The CEO is stuck. Which way out?
Feeling stuck. Feeling tired at the end of the day. Feeling frustrated more easily and more often. This is how one of my new clients described her personal situation during our first project meeting. This CEO was stuck and could not get enough head space to find a way out of it.
I was hired to help her develop business development processes and build a sales team. There is no point trying to build business development processes when the CEO is not performing at a high level.
As the business grew during late 2016 and into 2017 the business became more complicated. Clients were asking for changes to the standard contracts. The person she recruited for a customer service role needed more time to become effective than anticipated. The salesperson was performance was mediocre at best with low levels of prospecting activity and demanding more time from the CEO to create proposals and close deals.
My client is naturally a person who is very strategic, goal focused, makes fast decisions and may appear a bit brash and aloof to other people. She thrived as an entrepreneur focused on strategy and growth. Now she was withering.
Conduct a personal audit of your daily activities. I suggest using your calendar software and applying categories and/or colours to denote different activity types. You may need to change your current calendar set up to conduct your audit. I would recommend a minimum of one month to conduct your audit.
My client and I worked out the following categories for her audit. She uses Outlook so these categories were created and colour coded.
· Sales activity
· Existing customers and responding to requests
· Internal meetings
· Contracts and negotiation
· Business Admin
The month long audit delivered some staggering insights.
My client was getting more involved in work that demanded attention to detail, meetings and adherence to processes. She was being forced to move away from her natural behavioural style and adopting attributes that are not natural. She was becoming less and less productive and using more of her energy.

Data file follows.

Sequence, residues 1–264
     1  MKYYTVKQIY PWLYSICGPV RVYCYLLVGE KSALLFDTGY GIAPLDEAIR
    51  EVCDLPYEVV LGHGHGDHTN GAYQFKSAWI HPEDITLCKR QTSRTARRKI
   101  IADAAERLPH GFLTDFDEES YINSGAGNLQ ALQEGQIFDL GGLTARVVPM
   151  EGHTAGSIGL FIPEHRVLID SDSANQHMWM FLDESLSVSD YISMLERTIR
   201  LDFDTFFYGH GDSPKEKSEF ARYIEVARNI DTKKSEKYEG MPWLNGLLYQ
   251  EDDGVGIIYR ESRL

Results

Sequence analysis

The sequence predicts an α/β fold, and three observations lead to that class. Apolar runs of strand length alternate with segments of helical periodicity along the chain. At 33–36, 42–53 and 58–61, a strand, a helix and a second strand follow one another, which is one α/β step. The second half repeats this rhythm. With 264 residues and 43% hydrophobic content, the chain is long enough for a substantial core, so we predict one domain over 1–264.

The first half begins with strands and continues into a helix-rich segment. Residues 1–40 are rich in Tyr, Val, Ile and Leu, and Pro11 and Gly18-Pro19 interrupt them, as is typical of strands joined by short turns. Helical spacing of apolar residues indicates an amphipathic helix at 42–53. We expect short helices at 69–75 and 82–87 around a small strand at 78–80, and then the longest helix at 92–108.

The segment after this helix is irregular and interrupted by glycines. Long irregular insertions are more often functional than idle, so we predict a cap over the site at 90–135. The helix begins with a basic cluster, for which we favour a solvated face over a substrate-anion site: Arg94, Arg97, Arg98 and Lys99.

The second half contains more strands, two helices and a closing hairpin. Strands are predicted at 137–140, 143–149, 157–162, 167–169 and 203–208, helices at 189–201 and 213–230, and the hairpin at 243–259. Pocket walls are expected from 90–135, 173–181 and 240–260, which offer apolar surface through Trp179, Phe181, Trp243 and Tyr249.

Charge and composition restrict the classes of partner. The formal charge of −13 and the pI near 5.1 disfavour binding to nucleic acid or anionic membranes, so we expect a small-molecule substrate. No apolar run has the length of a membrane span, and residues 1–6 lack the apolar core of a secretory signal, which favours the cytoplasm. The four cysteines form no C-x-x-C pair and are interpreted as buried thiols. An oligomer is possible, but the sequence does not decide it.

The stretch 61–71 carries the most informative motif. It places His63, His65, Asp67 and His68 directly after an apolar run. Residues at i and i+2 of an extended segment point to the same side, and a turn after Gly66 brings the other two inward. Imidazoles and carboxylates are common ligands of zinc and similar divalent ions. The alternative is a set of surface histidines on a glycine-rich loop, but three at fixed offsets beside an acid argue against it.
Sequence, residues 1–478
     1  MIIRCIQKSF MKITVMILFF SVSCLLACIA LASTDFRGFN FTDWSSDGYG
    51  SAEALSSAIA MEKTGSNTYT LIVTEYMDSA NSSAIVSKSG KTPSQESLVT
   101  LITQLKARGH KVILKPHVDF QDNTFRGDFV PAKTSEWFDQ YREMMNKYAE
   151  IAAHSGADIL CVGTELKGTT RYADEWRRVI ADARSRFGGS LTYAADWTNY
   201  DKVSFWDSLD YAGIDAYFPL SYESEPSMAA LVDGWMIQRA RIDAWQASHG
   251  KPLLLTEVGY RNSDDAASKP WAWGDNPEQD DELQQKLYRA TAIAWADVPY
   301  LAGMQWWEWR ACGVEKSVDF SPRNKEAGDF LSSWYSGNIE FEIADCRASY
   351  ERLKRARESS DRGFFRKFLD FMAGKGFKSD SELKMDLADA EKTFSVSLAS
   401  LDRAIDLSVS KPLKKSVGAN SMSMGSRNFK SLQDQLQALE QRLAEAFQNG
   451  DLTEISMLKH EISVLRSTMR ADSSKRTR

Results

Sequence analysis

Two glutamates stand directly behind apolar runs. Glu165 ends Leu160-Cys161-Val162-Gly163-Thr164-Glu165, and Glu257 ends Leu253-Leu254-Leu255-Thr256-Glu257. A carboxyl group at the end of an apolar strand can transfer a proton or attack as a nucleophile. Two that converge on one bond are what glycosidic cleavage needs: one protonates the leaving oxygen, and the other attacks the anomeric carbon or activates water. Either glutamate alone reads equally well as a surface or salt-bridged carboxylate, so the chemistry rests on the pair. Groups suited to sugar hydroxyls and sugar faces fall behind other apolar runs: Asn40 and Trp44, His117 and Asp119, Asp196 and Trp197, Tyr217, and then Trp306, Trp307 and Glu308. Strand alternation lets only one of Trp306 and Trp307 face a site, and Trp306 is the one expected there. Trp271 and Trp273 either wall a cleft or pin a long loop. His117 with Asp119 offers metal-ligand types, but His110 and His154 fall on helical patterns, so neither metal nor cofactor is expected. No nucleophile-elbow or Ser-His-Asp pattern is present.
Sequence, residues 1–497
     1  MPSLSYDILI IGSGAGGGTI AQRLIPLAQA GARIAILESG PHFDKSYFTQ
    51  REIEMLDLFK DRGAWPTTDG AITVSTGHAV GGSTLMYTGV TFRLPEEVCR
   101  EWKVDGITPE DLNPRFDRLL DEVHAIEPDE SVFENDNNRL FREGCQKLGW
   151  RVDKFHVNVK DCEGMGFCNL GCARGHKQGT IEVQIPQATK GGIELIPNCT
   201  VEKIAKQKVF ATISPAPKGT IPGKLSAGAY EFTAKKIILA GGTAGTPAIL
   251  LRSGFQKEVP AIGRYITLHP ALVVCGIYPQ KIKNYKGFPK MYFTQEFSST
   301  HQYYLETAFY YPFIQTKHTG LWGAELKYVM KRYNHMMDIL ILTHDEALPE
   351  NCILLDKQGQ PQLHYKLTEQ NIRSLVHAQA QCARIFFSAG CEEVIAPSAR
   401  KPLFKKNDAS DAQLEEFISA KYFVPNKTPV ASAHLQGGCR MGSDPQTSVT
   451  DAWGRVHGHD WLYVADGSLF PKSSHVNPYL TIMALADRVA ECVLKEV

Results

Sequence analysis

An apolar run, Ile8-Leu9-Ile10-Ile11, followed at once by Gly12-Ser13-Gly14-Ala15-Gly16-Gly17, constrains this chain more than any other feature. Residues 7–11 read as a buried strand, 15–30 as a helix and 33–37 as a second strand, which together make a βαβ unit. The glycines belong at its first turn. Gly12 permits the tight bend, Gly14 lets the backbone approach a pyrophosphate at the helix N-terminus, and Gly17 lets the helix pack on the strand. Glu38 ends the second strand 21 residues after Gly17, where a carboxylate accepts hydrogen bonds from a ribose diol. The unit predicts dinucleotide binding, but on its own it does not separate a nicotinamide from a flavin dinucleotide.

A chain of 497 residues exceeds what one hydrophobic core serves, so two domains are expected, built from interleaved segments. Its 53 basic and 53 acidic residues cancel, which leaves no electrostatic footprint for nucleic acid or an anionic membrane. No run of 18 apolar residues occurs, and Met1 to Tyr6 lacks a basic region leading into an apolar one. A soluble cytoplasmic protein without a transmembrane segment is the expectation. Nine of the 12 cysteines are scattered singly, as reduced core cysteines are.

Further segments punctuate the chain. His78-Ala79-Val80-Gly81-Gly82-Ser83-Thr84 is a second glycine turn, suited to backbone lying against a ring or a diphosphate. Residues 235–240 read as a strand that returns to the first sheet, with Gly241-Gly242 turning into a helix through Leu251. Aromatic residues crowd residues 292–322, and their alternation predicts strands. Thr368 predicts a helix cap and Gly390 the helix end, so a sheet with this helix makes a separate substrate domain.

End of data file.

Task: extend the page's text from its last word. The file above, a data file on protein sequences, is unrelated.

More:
We proved what we both knew but the audit was a great exercise to view her in action as well as provide some quantifiable we can use to measure the change we were introducing to her and her business.
Where did we start? We assessed the people already in the business with behavioural profiles and personal interviews. As it turned out, the customer service person was behaviourally well suited to the role and its responsibilities. The sales person was borderline. This person was incredibly easy to get along with and great at creating and maintaining relationships. This sales person was going to have real difficulty closing deals.
We established a training routine for the customer service person that included 1:1 meetings with my client. We brought in a trainer who set up workflows that are aligned with the productivity tools used in the business; OneNote, OneDrive, Outlook and a CRM.
After some consideration it was decided the sales person would be retained. This person’s natural competencies are being applied to developing relationships with new potential clients and deepening relationships with existing clients. We created a methodology and process for this work to be undertaken and aligned this with some configuration of the CRM. This work paid huge dividends in productivity and we have a very happy and very successful relationship builder.
This has not solved the sales role requirements fully. For the next 3-5 months, my client will be introduced to prospects late in the sales cycle and execute the close and negotiate the agreements. We have set a revenue goal, at which point we will recruit a sales person with the needed behavioural competencies to close deals and work in partnership with the existing person working on client relationships.